- from the mind and activism of a 21 year old
Plastic Clean-Up with a Funded Future
- from the mind of a young inventor and high-tech team
A Model: A Plastic Clean-up Champion
- One-by-One: What Can Be Done with a Strategy and Purpose, Afroz Shah in Mumbai
- Inspiration and Action
- I am an ocean lover and feel that we owe a duty to our ocean to make it free of plastic. I just hope this is the beginning for coastal communities across India and the world.
Afroz Shah, a young Indian lawyer from Mumbai, is synonymous with the world’s largest beach clean-up project.
In October 2015, Shah and his neighbor Harbansh Mathur, an 84-year-old who has since passed away, were frustrated with the piles of decomposing waste that had washed up and completely overwhelmed the city’s Versova beach. Determined to do something about it, the pair started cleaning up the beach themselves, one piece of rubbish at a time.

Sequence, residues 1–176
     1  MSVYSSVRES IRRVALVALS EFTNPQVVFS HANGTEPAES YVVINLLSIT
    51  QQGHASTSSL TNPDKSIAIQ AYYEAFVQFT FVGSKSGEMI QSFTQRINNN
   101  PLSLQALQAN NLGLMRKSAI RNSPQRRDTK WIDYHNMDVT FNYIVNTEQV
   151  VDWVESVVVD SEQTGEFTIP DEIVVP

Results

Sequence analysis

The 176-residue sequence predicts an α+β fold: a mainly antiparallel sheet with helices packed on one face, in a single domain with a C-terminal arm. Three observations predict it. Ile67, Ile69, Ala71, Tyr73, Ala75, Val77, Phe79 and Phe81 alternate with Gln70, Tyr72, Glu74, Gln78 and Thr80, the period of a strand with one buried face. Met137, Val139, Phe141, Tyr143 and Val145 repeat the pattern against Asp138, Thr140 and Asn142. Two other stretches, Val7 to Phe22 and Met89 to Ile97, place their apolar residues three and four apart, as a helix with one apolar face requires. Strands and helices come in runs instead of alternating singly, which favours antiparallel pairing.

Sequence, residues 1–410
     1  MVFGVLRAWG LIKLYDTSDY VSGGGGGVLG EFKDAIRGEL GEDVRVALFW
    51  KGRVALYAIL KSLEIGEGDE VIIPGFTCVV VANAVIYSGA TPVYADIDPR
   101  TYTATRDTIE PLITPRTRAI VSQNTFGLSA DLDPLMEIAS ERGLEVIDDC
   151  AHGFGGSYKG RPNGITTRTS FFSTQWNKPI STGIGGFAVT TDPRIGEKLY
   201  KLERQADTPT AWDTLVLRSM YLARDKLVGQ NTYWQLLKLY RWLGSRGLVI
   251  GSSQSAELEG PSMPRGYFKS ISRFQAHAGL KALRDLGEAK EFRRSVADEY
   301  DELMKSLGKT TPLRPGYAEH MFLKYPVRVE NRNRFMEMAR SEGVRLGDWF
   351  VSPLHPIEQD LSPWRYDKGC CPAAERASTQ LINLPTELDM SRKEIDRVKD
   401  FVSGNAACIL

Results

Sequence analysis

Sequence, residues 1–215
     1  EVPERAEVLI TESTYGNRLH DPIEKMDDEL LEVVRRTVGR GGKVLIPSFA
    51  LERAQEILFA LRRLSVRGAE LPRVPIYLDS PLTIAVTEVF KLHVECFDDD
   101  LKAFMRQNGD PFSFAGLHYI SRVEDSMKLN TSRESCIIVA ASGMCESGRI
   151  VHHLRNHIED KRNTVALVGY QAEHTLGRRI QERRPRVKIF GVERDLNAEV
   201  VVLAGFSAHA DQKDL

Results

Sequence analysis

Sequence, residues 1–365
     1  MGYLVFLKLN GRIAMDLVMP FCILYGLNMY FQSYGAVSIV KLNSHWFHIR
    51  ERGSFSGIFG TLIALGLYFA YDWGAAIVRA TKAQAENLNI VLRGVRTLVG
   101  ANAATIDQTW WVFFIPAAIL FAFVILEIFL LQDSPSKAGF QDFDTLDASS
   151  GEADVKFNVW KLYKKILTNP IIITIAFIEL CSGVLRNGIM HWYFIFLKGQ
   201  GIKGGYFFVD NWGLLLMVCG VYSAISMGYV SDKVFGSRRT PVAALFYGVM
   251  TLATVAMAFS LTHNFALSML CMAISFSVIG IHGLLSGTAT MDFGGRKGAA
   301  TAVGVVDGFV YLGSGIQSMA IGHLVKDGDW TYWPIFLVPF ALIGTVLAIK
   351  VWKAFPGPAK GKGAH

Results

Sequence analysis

Every weekend since, Shah has inspired volunteers to join him – from slum-dwellers to Bollywood stars, from schoolchildren to politicians. They have been turning up at Versova for what Shah calls "a date with the ocean", but what in reality means labouring shin-deep in rotting garbage under the scorching Indian sun.
So far, the volunteers have collected over 4,000 tons of trash from the 2.5 kilometre beach.
Shah, who rallied residents and fisherfolk by knocking on doors and explaining the damage marine litter causes, now plans to expand his group’s operation to prevent litter from washing down the local creek and onto the beach. He also wants to clean-up the coastline’s rubbish-choked mangrove forests, which act as a natural defense against storm surges, and to inspire similar groups across India and beyond to launch their own clean-up movements.